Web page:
March 13-15, 2016 • San Diego, CA


3/15/2016  |   3:45 PM - 4:15 PM   |  Topical Session 8   |  Royal Palm 5/6

Integrating genetics in the overall hearing loss service continuum. Considering 1-3-6- “9”

Hearing loss (HL) affects 2-3/1,000 newborns. Given the evidence of language acquisition critical period, Early Hearing Detection and Intervention (EHDI) programs support families with children with HL and their providers in appropriate screening (by the age of 1 month), diagnostic (3 months) and intervention services (6 months). ~50% of infants with nonsyndromic HL have identifiable gene changes in connexin 26 and/or 30 (GJB2/GJB6). Many other HL-related syndromes and genes have been identified. Families may benefit from increased understanding of genetics and timely HL genetic testing. Based on the available information, adding by “9” (months) to the 1-3-6 goals could serve as a reminder to inform families and providers about genetic information related to HL and integrate referral(s) for genetic HL evaluation in the EHDI process and other childhood referrals. Stakeholder discussions suggested that few EHDI programs communicate the importance and availability of genetics referrals to families and providers. NYMAC recognized a need of families and providers to better integrate genetic awareness, education, and services in HL in a timely way. HL-genetics needs assessment efforts included literature review including prior NCHAM surveys, survey of NYMAC EHDI coordinators, survey of genetics professionals as a NYMAC subset of national survey by National Coordinating Center, discussions with AAP – EHDI Chapter Champions, Leadership Education in Neurodevelopmental and Related Disabilities (LEND) faculty, and other national experts on HL. Genetics professionals’ survey findings indicated that 90/94 (95.7%) respondents thought parents of a child with congenital HL without dysmorphic features and/or anomalies should be offered a genetics evaluation. 36/58 (62%), 36/52 (69.2%), and 38/49 (77.6%) respondents did not receive any referrals in a year from audiologists, newborn screening follow-up teams, and birth hospitals respectively. We anticipate that this session will be helpful to stakeholders interested in integrating genetics services and improving services for families with hearing loss.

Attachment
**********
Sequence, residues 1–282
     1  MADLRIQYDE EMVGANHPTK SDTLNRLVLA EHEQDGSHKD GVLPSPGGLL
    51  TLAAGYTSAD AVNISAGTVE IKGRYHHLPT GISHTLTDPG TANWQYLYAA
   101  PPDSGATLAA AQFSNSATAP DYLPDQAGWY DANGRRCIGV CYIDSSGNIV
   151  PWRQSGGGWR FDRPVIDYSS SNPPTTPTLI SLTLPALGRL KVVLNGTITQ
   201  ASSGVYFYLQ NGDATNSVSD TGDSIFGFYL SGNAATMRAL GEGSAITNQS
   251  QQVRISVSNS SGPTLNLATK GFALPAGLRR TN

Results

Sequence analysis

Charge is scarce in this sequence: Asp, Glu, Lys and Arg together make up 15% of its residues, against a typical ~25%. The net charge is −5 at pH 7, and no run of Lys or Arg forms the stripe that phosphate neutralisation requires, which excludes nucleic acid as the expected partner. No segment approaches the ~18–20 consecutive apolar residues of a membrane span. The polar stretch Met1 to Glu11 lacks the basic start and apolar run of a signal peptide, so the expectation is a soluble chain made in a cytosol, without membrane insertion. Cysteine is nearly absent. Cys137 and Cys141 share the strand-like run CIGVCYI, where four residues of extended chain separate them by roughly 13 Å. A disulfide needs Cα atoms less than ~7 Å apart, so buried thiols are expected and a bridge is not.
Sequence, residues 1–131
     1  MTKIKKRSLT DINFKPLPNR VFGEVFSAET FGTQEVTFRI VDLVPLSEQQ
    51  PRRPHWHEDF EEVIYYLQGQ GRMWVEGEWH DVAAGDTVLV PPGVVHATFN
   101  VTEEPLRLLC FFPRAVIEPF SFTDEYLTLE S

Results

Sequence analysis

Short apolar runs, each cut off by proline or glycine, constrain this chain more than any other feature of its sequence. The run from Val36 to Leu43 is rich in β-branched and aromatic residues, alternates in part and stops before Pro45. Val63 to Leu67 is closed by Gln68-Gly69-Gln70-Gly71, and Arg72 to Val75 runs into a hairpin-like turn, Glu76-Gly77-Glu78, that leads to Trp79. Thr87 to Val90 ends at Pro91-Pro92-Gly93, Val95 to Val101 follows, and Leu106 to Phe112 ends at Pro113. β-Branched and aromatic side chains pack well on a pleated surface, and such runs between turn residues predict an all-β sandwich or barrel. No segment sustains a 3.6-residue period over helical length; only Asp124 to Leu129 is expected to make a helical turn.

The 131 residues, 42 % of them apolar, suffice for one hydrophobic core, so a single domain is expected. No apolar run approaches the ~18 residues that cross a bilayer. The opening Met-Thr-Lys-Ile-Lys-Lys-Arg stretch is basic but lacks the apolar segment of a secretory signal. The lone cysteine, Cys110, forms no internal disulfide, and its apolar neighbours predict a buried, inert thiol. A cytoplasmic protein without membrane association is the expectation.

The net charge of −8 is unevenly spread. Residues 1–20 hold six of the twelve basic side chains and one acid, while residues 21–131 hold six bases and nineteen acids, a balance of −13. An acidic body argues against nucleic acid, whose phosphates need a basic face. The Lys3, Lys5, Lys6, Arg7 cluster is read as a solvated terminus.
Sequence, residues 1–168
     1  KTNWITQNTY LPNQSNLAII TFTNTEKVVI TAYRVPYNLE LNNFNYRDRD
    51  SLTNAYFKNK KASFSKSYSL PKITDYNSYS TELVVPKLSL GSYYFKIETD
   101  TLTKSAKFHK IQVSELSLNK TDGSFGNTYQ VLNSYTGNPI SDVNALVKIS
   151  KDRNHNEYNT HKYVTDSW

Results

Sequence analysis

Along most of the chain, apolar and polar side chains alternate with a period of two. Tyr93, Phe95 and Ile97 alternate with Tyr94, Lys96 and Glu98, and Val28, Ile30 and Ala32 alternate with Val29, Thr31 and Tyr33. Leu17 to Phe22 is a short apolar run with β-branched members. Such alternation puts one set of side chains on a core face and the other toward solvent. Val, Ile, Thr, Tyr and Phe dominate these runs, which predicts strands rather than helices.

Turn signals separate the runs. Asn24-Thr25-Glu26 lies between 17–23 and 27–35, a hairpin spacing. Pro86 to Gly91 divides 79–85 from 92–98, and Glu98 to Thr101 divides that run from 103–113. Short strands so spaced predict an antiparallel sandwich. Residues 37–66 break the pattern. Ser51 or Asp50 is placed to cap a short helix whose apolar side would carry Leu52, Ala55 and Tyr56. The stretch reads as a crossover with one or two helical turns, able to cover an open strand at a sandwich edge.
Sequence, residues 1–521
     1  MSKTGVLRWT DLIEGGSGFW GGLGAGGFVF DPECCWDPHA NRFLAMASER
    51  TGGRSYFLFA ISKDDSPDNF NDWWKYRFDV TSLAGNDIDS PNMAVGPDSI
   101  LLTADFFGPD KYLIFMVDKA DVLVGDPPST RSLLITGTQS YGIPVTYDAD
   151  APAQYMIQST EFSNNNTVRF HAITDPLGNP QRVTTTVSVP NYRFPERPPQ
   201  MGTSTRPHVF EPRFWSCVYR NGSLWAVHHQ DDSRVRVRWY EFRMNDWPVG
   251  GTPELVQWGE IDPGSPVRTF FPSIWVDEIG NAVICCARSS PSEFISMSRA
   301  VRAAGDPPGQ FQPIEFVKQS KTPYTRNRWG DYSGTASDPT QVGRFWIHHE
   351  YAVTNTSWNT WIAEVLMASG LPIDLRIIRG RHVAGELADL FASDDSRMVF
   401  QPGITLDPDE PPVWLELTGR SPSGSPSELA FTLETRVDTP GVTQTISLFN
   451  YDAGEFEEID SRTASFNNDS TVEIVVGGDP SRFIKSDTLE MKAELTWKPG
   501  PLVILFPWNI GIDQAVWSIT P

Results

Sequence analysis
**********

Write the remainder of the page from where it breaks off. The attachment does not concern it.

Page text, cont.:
• • Identify unmet needs of families, physicians and health care providers related to genetics services for children in the Hearing Loss (HL) screening, diagnosis, and referral continuum.
  • • Determine areas where effective assistance can be provided to physicians and health care providers to manage genetic referrals for hearing loss.
  • • Discuss strategies to improve education or understanding about genetics and coordination of referral for genetic services by 9 months considering the 1-3-6 guidelines and integration in the diagnosis of HL throughout childhood.

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Joann Bodurtha (Primary Presenter), McKusick-Nathans Institute of Genetic Medicine, Johns Hopkins University School of Medicine, jbodurt1@jhmi.edu;
Dr. Joann Bodurtha is a Professor of Pediatrics and Oncology at the McKusick-Nathans Institute of Genetic Medicine, Johns Hopkins University School of Medicine. Dr. Bodurtha co-directs NYMAC. Dr. Bodurtha’s career goals are to help make genetics work to help people, improve health and well-being in families, and assist communities to be more welcoming to all people.


Financial - No relevant financial relationship exist.

Nonfinancial - No relevant nonfinancial relationship exist.